There’s a University of North Texas? Is there, uh, a Central University of North Texas?

      …boom. Also, kudos to UNT!

      Sep 7, 2012 at 8:51 pm · @ReplyReply to this comment ·
    • Merv
      Merv

      I agree with Neo. It seems a little irresponsible to house any gay archives in the South. It’s only one sermon-frenzied mob or one wingnut election victory away from a bonfire.

      Sep 7, 2012 at 10:50 pm · @ReplyReply to this comment ·
    • GeneElder
      GeneElder

      HI: Gene Elder here. I am the Archives Director for the HAPPY Foundation. We are located in the Bonham Exchange Building next to the Alamo. We started the archives in 1988 after Happy Veltman died of AIDS. We are very lucky that the Bonham Exchange, a popular gay disco, helps the project happen. And I am glad to see that universities are getting involved. But don’t think that this archiving and saving our history only happens at the higher education level. We all should be saving pieces of history in our homes, even if it is pictures in a shoebox in the closet. And know that you will leave your files to one of the GayBLT archives. Do your part and support archiving. The American Revolution was not fought by George Washington alone. We need a complete picture of our history and it is bigger than one person can do. I am doing my part, and I could use some help.
      But if you need some info, I am here to search though my files.
      HAPPY Foundation hours are Wednesday, Thursday, Friday, noon to 4:00 and the number there is 210 227-6451. The mailing address is 411 Bonham, SA, TX 78205
      But I can be reached at my home phone anytime. 210-732-3238.
      Gene Elder
      Your VERY Friendly Clip and File Queen.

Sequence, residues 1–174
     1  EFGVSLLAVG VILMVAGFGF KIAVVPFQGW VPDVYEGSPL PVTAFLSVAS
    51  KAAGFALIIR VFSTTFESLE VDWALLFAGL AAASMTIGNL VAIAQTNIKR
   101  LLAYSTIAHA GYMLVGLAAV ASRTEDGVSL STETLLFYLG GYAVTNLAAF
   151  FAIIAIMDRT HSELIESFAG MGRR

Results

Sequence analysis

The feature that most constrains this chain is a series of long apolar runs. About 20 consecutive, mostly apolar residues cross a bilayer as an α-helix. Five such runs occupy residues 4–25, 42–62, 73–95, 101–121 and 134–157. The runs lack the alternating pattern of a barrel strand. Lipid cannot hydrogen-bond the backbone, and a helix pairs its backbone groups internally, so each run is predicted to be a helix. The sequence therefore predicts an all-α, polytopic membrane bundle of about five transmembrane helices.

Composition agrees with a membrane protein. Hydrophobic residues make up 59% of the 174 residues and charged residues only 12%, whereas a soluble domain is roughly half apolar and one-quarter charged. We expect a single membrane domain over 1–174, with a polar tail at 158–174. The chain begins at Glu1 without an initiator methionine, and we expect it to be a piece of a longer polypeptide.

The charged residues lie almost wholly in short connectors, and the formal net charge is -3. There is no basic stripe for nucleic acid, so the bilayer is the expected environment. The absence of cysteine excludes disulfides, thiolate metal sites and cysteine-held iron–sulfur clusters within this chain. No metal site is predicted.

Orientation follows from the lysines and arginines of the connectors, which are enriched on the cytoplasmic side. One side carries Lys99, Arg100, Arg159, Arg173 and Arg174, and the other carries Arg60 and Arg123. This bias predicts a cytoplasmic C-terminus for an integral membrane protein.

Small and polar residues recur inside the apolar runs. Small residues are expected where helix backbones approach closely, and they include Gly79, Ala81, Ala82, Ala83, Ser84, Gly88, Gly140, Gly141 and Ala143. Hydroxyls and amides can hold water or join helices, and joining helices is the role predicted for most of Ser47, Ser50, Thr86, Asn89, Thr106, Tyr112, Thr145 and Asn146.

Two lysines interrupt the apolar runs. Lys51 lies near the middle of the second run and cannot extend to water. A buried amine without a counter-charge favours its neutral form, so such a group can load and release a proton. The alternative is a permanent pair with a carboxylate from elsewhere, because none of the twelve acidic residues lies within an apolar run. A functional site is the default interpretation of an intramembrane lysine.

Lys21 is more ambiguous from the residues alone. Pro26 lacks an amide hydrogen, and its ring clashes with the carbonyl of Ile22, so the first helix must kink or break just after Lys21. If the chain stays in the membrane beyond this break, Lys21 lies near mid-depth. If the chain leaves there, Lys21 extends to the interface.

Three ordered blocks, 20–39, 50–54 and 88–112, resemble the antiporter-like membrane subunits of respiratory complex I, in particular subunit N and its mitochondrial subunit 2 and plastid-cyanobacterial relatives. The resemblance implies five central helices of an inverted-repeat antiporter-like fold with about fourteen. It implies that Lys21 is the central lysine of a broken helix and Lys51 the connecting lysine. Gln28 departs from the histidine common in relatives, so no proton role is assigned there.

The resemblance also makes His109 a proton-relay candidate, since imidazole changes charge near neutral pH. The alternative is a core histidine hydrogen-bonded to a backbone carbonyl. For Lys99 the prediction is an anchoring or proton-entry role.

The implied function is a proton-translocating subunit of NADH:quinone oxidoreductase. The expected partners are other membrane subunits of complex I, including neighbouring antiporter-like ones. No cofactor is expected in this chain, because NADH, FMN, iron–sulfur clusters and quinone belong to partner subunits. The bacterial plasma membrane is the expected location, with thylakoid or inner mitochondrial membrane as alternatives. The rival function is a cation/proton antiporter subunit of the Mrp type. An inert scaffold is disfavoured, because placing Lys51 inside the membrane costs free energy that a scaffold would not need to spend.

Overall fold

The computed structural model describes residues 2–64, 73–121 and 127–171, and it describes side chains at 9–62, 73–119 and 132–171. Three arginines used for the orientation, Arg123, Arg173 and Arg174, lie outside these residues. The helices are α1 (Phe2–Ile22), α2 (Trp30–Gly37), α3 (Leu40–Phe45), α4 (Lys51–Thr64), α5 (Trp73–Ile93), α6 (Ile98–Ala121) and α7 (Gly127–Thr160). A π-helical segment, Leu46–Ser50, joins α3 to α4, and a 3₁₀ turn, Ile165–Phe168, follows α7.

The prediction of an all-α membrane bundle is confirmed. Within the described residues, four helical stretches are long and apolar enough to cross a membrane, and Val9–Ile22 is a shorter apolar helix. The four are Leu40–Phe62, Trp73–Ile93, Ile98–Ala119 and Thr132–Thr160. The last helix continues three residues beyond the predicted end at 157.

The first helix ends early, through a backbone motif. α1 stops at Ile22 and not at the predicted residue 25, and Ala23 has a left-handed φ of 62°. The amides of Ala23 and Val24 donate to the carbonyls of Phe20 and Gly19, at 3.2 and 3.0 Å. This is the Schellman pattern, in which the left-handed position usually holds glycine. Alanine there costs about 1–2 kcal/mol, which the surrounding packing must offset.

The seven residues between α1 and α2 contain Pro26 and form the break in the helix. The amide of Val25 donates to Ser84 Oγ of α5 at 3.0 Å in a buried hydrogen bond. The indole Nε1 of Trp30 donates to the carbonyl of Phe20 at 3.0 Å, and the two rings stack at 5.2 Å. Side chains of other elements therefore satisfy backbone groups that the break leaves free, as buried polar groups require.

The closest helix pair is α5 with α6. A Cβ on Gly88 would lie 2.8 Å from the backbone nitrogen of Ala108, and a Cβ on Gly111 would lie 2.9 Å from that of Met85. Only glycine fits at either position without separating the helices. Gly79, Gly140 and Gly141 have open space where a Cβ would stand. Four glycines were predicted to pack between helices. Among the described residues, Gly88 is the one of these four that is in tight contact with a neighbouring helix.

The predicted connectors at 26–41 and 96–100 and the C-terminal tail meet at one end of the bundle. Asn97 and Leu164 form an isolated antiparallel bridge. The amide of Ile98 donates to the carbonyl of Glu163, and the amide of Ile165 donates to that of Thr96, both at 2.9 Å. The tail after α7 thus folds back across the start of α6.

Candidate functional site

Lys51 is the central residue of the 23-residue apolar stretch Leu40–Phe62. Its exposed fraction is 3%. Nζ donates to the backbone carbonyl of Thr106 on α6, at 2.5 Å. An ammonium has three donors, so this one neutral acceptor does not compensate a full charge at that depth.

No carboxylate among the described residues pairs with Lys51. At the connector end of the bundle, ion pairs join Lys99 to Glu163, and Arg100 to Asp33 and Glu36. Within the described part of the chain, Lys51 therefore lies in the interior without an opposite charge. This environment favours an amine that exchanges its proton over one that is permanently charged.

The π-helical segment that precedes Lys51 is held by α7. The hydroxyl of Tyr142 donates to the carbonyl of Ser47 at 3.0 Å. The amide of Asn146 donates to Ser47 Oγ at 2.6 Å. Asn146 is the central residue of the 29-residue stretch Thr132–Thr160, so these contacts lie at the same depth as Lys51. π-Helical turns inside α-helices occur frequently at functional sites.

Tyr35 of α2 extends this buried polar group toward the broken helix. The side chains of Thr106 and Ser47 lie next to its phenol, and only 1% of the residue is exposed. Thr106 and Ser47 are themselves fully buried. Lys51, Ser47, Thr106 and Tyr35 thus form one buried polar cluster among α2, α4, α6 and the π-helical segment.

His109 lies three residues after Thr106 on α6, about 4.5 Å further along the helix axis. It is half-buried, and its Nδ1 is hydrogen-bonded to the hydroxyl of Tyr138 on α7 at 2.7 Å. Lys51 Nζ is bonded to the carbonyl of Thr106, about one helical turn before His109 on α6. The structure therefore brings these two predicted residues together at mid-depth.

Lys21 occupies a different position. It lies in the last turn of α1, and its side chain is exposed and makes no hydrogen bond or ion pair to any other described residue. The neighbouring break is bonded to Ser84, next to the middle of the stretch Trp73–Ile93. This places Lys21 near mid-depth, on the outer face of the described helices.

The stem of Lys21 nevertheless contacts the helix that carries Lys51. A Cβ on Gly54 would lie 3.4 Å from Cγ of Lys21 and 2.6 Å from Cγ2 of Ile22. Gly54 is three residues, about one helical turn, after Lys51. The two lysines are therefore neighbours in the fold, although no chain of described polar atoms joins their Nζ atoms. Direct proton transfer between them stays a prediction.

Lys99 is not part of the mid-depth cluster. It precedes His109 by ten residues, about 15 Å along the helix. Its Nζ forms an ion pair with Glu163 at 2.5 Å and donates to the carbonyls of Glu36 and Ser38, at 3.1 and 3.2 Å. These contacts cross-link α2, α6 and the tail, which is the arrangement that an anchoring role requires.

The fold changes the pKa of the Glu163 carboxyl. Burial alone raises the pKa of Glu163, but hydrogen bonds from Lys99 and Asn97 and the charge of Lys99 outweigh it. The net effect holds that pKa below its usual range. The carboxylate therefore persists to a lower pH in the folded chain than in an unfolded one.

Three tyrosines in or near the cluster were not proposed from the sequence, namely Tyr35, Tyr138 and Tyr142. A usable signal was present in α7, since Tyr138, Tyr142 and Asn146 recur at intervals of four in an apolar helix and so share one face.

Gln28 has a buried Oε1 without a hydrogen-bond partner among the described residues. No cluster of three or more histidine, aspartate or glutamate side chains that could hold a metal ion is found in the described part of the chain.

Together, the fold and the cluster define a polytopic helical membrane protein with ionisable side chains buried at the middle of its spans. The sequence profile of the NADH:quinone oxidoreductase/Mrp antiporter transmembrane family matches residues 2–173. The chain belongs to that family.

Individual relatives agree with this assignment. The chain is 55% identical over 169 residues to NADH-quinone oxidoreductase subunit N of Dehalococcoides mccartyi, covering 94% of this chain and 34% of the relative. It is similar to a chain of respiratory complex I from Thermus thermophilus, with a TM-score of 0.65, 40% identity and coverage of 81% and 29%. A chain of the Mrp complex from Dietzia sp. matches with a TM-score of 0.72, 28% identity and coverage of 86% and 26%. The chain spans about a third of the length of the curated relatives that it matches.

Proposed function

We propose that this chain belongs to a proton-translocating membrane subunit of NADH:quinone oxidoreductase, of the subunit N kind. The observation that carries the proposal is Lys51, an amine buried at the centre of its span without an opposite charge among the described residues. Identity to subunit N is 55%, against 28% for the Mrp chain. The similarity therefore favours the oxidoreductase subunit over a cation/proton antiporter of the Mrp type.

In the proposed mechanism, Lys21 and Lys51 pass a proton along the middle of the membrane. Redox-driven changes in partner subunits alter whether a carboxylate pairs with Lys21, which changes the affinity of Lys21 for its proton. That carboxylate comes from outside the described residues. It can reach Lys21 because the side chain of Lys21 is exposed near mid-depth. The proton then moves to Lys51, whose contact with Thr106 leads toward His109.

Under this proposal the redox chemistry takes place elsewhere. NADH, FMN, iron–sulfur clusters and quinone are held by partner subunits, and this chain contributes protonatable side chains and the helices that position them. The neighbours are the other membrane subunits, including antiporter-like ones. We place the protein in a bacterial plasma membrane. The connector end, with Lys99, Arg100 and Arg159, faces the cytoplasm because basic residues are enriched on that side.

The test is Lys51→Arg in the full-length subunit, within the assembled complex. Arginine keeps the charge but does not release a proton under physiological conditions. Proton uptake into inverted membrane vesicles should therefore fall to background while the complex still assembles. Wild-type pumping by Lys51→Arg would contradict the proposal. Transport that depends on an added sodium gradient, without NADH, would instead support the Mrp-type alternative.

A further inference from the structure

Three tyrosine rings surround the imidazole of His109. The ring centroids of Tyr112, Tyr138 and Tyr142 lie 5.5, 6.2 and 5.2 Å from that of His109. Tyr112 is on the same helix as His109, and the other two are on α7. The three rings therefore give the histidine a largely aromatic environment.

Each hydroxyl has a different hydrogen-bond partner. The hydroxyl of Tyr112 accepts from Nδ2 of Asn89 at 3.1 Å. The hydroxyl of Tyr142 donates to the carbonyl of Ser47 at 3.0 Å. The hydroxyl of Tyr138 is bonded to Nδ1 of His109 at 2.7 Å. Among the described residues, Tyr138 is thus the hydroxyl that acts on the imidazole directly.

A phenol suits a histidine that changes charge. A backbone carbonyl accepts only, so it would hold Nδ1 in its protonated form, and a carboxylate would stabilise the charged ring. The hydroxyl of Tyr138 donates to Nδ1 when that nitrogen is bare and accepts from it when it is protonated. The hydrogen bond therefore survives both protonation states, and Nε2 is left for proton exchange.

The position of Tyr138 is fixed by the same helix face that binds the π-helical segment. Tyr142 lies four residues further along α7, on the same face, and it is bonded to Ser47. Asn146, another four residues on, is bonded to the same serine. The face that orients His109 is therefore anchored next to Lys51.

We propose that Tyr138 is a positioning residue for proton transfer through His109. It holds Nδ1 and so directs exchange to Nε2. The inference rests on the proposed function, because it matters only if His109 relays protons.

Sep 8, 2012 at 3:38 pm · @ReplyReply to this comment ·
    • Cristan
      Cristan

      Also, don’t forget the Trans Archives in Houston, Texas. It’s open to the public M-F and has everything from fine art and artifacts thousands of years old to modern stuff from the last 50 years from across the globe.

      Sep 8, 2012 at 10:06 pm · @ReplyReply to this comment ·
    • afterhourskpft
      afterhourskpft

      There is also the Gulf Coast Archive and Museum of GLBT History in Houston, Texas. They are working on a brick and mortar museum but is available at http://www.gcam.org

      Sep 9, 2012 at 4:17 am · @ReplyReply to this comment ·
    • Brian Riedel
      Brian Riedel

      Congratulations to UNT on the expansion of its holdings! However, there is some inaccuracy to the statement: “No one has published on any kind of LGBT stuff in the South. No one in the whole world.”

      James Sears notable book, “Rebels, Rubyfruit and Rhinestones: Queering Space in the Stonewall South” published in 2001 by Rutgers University Press would be a good start.

      Please also feel free to visit http://houstonarch.pbworks.com for additional insights.

      Sep 10, 2012 at 11:24 am · @ReplyReply to this comment ·
    • morgan_UNT
      morgan_UNT

      Hi all– I am the Head of Archives and Rare Books at UNT. Please allow me to apologize for the many inaccuracies of this article. The original article was written by a student reporter for the NT Daily who unfortunately got some important facts wrong. We are excited about our new acquisition but we realize that we are among many great LGBT archives in the South and certainly not the first. Check out this article in the Dallas Voice for more information on the Resource Center Dallas collection http://www.dallasvoice.com/resource-center-dallas-transfers-lgbt%E2%80%88history-library-unt-10123450.html

      Anyone working with LGBT archives or interested in talking about collaborations is welcome to contact me anytime! morgan.davis at unt.edu

      Sep 10, 2012 at 12:13 pm · @ReplyReply to this comment ·